Question Time, the BBC's premier political debate programme chaired by David Dimbleby, will be in London on 14 June, 2007 for the Labour deputy leadership special.
David Dimbleby will be joined by Northern Ireland and Wales secretary Peter Hain, Constitutional Affairs minister Harriet Harman, Education secretary Alan Johnson, Labour party chairman Hazel Blears, International Development secretary Hilary Benn and Dagenham MP John Cruddas.
Career: A key ally of the Prime Minister in the cabinet, Peter Hain was Leader of the House of Commons before becoming Secretary of State for Northern Ireland and Wales.
He was raised in South Africa and entered politics during his youth through the anti-apartheid movement.
In September he became the first cabinet member to launch his campaign for Labour's deputy leadership.
He says he wants the role of deputy leader to be "an umbilical cord between the cabinet and grassroots members", and wrote in the New Statesman on 7 June: "The relationship between Labour and millions of progressive voters has become sour and distrustful. We have been careless, indifferent and, at times, needlessly offensive to the concerns and values of too many of our natural supporters."
Career: Harriet Harman is the Constitutional Affairs minister, having previously been the UK's first female Solicitor General.
She announced in September that she is putting her name forward as a contender for the deputy leadership of the Labour Party, describing herself as the "Radio 2" candidate.
She recently admitted that she regretted supporting the invasion of Iraq, saying: "I voted for the war because I believed there were weapons of mass destruction. If I had known there were not weapons of mass destruction, I would not have voted for the war."
Career: Alan Johnson has been the Secretary of State for Education since May 2006.
Having left school with no qualifications, he worked as a postman before entering union politics, becoming General Secretary of the Communication Workers Union in 1993.
During this time he served on the National Executive Committee of the Labour Party and was the only major union leader to support the controversial abolition of Clause IV of the party's constitution, as advocated by Tony Blair.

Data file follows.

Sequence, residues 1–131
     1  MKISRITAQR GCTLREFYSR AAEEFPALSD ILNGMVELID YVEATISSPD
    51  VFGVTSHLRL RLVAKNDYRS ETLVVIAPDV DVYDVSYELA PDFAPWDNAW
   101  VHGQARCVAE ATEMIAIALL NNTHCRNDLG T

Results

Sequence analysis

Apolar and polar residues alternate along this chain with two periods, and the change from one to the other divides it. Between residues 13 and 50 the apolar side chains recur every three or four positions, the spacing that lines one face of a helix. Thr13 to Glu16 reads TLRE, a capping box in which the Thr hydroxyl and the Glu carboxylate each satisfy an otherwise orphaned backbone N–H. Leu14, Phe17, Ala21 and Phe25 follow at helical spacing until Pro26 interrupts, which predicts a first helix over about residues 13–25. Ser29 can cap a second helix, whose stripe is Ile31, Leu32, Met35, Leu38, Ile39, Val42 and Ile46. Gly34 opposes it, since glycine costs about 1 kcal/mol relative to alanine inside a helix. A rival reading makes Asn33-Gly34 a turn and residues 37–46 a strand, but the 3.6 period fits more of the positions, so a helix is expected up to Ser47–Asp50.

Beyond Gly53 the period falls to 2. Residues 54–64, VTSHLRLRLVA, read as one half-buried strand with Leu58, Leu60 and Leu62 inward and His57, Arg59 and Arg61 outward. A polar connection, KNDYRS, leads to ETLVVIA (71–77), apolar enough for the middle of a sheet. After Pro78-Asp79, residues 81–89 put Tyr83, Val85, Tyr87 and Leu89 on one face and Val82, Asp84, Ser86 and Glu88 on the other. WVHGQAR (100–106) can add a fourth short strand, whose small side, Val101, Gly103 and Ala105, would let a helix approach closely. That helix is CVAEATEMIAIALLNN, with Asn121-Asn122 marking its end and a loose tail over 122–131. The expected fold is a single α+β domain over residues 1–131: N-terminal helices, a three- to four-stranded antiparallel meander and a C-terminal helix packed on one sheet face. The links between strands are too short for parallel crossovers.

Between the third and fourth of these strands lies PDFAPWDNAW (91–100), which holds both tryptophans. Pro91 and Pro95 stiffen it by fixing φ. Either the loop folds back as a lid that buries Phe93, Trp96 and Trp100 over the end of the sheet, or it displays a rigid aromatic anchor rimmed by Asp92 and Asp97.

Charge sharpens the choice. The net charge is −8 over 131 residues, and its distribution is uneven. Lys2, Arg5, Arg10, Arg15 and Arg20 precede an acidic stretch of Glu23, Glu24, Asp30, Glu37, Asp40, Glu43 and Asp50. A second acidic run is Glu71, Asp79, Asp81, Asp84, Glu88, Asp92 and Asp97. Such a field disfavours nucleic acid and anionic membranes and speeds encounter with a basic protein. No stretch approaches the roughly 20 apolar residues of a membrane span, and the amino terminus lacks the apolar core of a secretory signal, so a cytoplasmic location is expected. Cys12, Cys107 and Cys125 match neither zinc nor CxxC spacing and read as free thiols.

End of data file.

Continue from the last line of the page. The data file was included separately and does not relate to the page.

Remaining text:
In May 2006 he announced his desire to succeed John Prescott as deputy leader and entered onto the ballot with the highest number of nominations of any of the candidates.
Career: Hazel Blears is the Labour Party Chairman and Cabinet Minister without Portfolio. She was promoted to the Cabinet in last May's reshuffle, having been the Labour MP for Salford since 1997.
She worked as a solicitor before her election to parliament, going on to take up a post in the Home Office with responsibility for crime and security under Charles Clarke.
In February she entered the race for the deputy leadership of the Labour party, and is regarded as the most Blairite of the contenders. She says she sees the role of deputy leader as the party's "campaigner in chief".
Career: Hilary Benn is the Secretary of State for International Development.
The son of veteran Labour politician Tony Benn, he entered politics through Ealing Borough council, where he served as deputy leader from 1986 to 1990.
He announced his nomination for the deputy leadership in October 2006, and despite struggling to gain the 45 nominations to secure his place in the contest, he has since been touted as a favourite by bookmakers.
He recently said: "I think we need to be unapologetic about our socialist values... I want a democracy in which people give something back and that redistributes wealth and opportunity."
Career: John Cruddas is the MP for Dagenham, and the only one of the five candidates not to hold a cabinet post.
He was elected to parliament in 2001, but entered politics in following Labour's 1997 election victory, when he worked as the deputy political secretary to Tony Blair, acting as a link between the new government and the unions.
He is seen as the most left-wing candidate for the deputy leadership, but rejects accusations of a "lurch to the left", saying: "I think it's more of a lurch to the sensible, in terms of what are the contemporary challenges we face".
He has emphasised the importanance of the role of deputy leader of the party, saying recently: "I am running for deputy leader, but I am not seeking to be deputy prime minister or to run a big department too. Instead I want to focus totally on rebuilding Labour across the country, ensuring that those in the cabinet listen to the people that put them there."